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Managing risk to patients, nurses in care homes

Debra McPherson (middle) says B.C. needs to do more to keep care home patients and staff safe.
August 28, 2013 - 8:30 AM

"THERE WERE CLIENTS WE'D NEVER VISIT ALONE"

VERNON - If you think being a bouncer is tough work, don't try nursing. Patients getting black eyes and knocked out teeth, nurses getting struck so hard they can't return to work because of the brain damage: these are some of the real life stories that transpire in B.C.'s long term care homes. 

Following the recent death of one senior at the hand of another at the Polson Special Care Facility in Vernon, we are learning that assaults against patients—and staff—are all too common in care homes. John Furman, 95, allegedly assaulted William May, 85, around 11 p.m. Aug. 18. Furman had been at the care home less than two weeks, and rooming with May only three days when the incident occurred. In a media conference, May's sons told reporters that while this was the most extreme assault their dad had experienced, it wasn't the first. In his two years at the facility, he suffered a black eye and lost a couple teeth. The widow of a Kamloops senior who died in similar circumstances, says something has to change before another life is lost.

B.C. Nurses Union President Debra McPherson says assaults are on the rise at long term and mental health care homes in the province. She says the number of dementia patients is growing and staffing isn't being increased to meet the demand. In some cases, positions are even being cut. At the same time, McPherson says the government is trying to save money by hiring lesser trained and cheaper care aids to fill positions.

Staffing shortages, lack of properly trained staff and insufficient security services share a nasty side-effect: increased assaults.

"We've had clients do such bodily harm to staff that they've caused brain damage and the nurses have been unable to return to work," McPherson says. "This can't continue."

But is violence an inherent part of working in a long term care facility? McPherson says it's not.

"Some employers believe it's part of the job. Just suck it up and get used to it. Do they say to construction workers 'your risk of falling off a building is there so just deal with it?' No. We are always looking at mitigation and prevention to keep staff and patients safe."

That said, a psychiatric nurse who used to work at the Polson Special Care Unit says "you know what you're getting into" when signing on.

"Patients come to Polson Special for a reason. It's a place for those with a higher level of risk," says the nurse, who preferred to remain anonymous. "There were some clients you'd feed at an arm's length, or come at on their weak side. There were clients we'd never visit alone."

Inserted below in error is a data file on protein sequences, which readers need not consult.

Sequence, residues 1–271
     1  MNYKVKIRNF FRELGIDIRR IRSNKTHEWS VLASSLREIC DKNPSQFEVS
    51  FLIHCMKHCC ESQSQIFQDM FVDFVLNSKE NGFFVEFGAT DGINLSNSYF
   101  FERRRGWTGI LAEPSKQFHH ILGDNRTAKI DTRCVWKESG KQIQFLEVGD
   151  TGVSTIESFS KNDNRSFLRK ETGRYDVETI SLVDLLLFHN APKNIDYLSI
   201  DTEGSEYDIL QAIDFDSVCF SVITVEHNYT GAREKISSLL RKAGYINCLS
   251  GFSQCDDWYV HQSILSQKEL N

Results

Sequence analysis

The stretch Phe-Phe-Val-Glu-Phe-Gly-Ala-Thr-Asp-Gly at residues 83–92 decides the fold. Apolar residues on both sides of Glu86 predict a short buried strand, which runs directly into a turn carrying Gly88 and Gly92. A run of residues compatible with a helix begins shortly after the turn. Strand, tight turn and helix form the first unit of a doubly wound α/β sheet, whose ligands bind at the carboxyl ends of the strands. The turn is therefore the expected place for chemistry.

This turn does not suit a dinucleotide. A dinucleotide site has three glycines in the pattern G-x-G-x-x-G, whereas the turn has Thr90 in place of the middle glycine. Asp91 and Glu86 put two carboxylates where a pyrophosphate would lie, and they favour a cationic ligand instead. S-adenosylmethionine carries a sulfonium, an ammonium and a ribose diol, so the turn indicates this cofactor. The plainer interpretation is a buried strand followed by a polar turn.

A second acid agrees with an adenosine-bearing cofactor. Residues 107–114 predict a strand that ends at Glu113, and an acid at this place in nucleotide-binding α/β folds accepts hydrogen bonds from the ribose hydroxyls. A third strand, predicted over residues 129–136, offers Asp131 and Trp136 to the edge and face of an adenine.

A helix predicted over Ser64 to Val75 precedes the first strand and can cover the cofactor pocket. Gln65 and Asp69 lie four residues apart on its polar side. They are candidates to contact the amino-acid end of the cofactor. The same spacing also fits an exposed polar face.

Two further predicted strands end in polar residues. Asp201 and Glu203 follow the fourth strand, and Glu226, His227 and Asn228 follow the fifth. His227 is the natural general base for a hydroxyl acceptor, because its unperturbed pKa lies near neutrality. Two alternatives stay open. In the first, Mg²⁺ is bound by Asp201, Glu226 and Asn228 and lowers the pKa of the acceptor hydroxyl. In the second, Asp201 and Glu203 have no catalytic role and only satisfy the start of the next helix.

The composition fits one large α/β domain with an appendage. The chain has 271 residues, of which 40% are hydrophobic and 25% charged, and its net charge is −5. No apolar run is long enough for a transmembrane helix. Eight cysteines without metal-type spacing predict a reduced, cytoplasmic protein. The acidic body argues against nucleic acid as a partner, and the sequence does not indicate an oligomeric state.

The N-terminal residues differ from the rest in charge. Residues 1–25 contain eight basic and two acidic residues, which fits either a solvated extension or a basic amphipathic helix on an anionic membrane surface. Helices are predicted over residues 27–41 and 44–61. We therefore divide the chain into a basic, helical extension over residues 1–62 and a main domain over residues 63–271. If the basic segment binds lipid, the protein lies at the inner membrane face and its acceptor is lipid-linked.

MANAGING MEDICATION

If you were careful, assaults could usually be prevented, she says. Learning a patient's needs and triggers, what their medications are and how they interact with people helped to diffuse potentially dangerous situations. But getting to know a patient takes time, and it's new clients that pose the greatest risk.

Figuring out what combination of medications will work for a patient is a first step for doctors and nurses when a new client walks in the door. But they never know how someone will react to them.

"We don't have a crystal ball, it's a bit of trial and error," she says.

That can mean getting the opposite effect of what was intended. Drugs like Atavan, used to calm anxiety, can have a paradoxical effect in dementia patients, actually making them more angry and agitated. An effect called "sundowning" is also common in dementia patients, in which their moods reverse when night falls.

Even after a patient's medications are figured out, there's no telling when they might have to be adjusted again.

"As the illness gets worse, you don't know what you're going to find," she says.

Flashbacks into old memories are also common. Sometimes, they're happy ones, others times, not so much.

"We don't try to bring them back. There's no point. We let them stay in their memories," she says. "How do we know John Furman wasn't in a (war) memory? Something as small as a smell, the type of blanket, the colour on the walls can trigger a memory. How could anyone possibly foresee something like that?"

While precautions can be taken, Polson Special's ex-nurse says not everything can be prevented.

"I'm sure staff did the best they could. These poor people with dementia deserve the best care possible. They have to go somewhere," she says.

And Polson's not a bad place to be, she says. Her memories of the facility are filled with family barbeques, activities, good meals, and well cared for patients.

"I would still send a family member there, absolutely. Even with what's happened."

To contact the reporter for this story, email Charlotte Helston at chelston@infotelnews.ca, call (250)309-5230 or tweet @charhelston.

News from © InfoTel News Ltd, 2013
InfoTel News Ltd

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